What is Inflation? And its impact on your Savings?

What is Inflation? And its impact on your Savings?
10th February 2022

What is Inflation? And its impact on your Savings?

“People invest in stocks for two opposite reasons—in hope and confidence in the future of an enterprise or in fear that the value of their capital will be lost through inflation”- Bernard Baruch

Understanding Inflation is vital because of its effect on the cost of living and the potential impact on managing finances, such as saving accounts. The current Inflation rate as of February 2022 is 5.4%. A rise in inflation can be positive if the increase is not extreme. However, according to the BBC, there has been a staggering climb from 0.5% to 0.25%. The Bank of England had already suggested that there would be an increase in prices. 

Furthermore, salaries are projected to rise slower than the cost of living, which would cause a substantial squeeze in the financial pockets of the public in decades. This comes shortly after the Chancellor revealed a support bundle to assist those most in need after an astonishing 54% soar in energy bills. The primary cause driving up costs across the economy is a rise in gas and electricity costs.

But what is inflation, and to what extent does this affect livelihoods and savings?

What is Inflation?

Inflation is the rate at which supplies prices have gone up, such as transport, food, clothing, and mortgages. Typically, individuals measure inflation’s speed by comparing the cost of things at present compared to the previous year. The median increase of prices is referred to as the inflation rate. For instance, if inflation is 3%, prices have had a 3% rise (on average) compared to the year before. If a pint of milk was £1.00 previously and is now £1.03, this is a rise of 3%.

How is inflation measured in the UK?

The Office for National Statistics (ONS) gathers approximately 180,000 prices for around 700 items monthly. The items they collect are used to calculate the Consumer Prices Index (CPI), used to measure inflation. The CPI is one of the most commonly used indicators for detecting inflation and deflation phases.

In addition, the Consumer Prices Index (CPI) is anticipated to reach peak levels of 7.25% in April, with a median of almost 6% in 2022. If this happens, it would be the fastest price increase since 1991 and go above the target that the government of 2% has given the bank.

The bank of England’s rate of inflation?

The government gave the bank of England a target of 2 % to maintain inflation at a down and stable rate. These facilities things for everyone to plan for the future. However, if inflation increases considerably or changes constantly, it can be challenging for businesses to set accurate prices and for consumers to prepare their spending strategy.

In contrast, if inflation is negative or significantly low, consumers may delay purchasing, hoping that prices will decrease. Though lower prices may seem like a win, companies could go bankrupt if everyone lessened their spending, and people may be laid off. The pandemic has also contributed to interest rates reaching record lows.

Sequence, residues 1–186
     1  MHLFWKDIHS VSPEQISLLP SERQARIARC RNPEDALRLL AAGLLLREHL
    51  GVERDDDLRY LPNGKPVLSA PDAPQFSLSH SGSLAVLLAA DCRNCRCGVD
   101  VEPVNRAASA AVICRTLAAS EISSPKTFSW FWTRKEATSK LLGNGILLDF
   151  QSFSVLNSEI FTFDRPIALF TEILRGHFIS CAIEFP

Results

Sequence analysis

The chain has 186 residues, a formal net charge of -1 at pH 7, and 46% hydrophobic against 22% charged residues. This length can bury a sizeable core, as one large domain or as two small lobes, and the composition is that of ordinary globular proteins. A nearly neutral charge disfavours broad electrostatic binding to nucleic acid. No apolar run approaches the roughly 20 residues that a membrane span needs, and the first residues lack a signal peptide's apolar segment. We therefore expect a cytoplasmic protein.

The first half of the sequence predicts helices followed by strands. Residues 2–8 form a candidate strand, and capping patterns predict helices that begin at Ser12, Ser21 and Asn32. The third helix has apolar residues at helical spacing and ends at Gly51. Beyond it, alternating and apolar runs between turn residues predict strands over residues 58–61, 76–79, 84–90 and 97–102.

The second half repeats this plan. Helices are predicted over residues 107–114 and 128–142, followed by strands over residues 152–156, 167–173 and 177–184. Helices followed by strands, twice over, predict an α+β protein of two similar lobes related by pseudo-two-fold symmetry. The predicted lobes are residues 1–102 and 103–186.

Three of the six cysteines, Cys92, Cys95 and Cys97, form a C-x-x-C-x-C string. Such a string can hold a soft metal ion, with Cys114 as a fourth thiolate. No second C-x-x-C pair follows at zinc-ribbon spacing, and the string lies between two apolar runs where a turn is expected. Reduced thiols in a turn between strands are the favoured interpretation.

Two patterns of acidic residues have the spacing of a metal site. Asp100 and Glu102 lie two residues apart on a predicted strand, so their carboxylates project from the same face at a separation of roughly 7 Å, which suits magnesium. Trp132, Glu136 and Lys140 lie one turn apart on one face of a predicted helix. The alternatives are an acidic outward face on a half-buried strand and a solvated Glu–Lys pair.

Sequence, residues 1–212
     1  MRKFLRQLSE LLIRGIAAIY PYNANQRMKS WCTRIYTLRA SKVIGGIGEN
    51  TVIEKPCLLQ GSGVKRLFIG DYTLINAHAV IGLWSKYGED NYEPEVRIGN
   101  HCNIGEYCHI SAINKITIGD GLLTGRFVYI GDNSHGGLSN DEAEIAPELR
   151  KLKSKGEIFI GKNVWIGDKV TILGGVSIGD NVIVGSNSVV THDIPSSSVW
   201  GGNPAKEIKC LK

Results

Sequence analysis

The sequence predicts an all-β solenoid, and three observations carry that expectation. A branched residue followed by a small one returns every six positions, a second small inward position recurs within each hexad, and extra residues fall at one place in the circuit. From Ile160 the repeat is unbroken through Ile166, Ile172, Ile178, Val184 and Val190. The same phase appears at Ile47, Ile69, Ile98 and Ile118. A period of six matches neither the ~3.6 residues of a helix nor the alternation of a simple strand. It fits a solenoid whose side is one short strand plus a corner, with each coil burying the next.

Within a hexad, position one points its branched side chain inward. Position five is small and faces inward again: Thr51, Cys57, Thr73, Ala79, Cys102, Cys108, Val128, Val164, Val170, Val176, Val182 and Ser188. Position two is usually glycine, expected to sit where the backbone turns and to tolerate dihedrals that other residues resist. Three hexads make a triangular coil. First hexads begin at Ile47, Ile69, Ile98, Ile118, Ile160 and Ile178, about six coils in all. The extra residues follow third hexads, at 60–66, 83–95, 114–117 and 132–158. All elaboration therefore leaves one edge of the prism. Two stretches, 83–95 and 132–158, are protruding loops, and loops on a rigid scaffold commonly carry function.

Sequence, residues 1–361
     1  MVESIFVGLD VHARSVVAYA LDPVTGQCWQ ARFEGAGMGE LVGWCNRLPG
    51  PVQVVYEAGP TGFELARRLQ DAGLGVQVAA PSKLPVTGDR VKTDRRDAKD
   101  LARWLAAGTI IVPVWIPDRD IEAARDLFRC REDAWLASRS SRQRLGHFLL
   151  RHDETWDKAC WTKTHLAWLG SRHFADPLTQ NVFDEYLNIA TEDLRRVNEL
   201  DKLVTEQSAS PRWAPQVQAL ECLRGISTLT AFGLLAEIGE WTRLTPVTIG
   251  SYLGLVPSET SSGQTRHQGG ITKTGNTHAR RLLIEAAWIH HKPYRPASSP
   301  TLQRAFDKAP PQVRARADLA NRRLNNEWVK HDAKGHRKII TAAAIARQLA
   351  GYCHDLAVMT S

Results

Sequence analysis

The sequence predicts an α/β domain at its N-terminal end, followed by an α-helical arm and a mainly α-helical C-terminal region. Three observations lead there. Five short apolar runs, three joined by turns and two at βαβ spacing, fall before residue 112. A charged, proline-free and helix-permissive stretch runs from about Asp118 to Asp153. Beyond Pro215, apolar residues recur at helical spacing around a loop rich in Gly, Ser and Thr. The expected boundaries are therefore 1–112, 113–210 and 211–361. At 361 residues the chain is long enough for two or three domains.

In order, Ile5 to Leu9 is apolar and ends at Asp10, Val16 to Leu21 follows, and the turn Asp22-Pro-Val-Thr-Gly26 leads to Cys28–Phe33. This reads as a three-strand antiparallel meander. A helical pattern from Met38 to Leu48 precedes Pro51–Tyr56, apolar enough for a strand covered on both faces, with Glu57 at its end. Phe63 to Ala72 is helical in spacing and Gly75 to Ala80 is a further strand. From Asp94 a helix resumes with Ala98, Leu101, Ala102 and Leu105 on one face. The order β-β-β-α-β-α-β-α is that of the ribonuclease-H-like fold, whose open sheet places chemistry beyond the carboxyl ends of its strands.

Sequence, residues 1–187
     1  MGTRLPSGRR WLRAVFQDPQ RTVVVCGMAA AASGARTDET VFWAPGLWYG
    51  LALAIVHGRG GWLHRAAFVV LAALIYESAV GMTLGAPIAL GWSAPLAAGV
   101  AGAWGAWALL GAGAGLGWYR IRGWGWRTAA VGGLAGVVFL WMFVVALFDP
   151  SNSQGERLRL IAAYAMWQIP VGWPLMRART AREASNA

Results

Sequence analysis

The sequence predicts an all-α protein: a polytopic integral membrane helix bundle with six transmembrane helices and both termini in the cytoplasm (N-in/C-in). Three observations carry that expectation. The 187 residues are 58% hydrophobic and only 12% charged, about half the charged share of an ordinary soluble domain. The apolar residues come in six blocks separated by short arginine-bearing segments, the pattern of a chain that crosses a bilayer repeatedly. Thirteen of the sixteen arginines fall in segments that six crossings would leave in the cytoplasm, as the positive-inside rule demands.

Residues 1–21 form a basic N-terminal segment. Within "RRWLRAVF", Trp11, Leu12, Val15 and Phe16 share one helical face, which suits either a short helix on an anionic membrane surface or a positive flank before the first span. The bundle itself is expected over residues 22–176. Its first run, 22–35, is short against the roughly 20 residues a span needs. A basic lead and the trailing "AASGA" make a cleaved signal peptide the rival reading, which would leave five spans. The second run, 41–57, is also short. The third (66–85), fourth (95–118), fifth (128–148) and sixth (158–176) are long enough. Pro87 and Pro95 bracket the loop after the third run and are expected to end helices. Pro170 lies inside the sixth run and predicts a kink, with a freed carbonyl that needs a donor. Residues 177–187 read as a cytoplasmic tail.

What is the difference between High and Low Inflation?

When inflation is high, you can purchase less than usual, but the decrease in money buying capacity is happening faster than normal for the same amount of money.

Furthermore, when the inflation rate is 1% (lower inflation), the buying power would be 1% less the following year. However, when the inflation rate is 5% (higher inflation), the buying power of funds would be 5% less the year after.

How could inflation affect your savings?

The inflation rate can have a colossal effect on whether your savings and investments make revenue after inflation. If you deposit money in a bank account with a 1% interest rate, you will have 1% more cash the following year. If your objective is to profit from your investment, you will need to look for an account or investment that can beat inflation when the returns you make are more significant than the inflation rate.

Can I protect my savings from inflation?

If interest rates are low, savers should look for savings accounts with the best rates, such as an easy access rate for rainy days for a period of 3-6 months. However, if you can stay without accessing your savings for more than six months, a Fixed bond rate may be a more suitable option.

Some may consider the stock market to increase the possibility of beating inflation; though this is quite a risky investment, you could earn higher returns if it pays off. You can also prevent your money from being significantly affected by inflation by looking at your spending habits. You could be saving by purchasing own-brand options in supermarkets and shops. Also, splitting money across different saving accounts or different investments may be worth looking into.

Is defeating inflation worthwhile?

If you have a short-term objective that involves spending your money within five years, it is more secure in choosing a saving account and not focus extensively on inflation. However, considering inflation when investing is crucial if you have a long-term objective. Because typically, citizens take better returns on riskier investments. If you prefer to keep your money secure, opening a savings account with a low-interest rate and regularly adding money may be the best route. But what you choose will depend on your circumstances, whether you can and want to take risks with your money, and your reason for saving.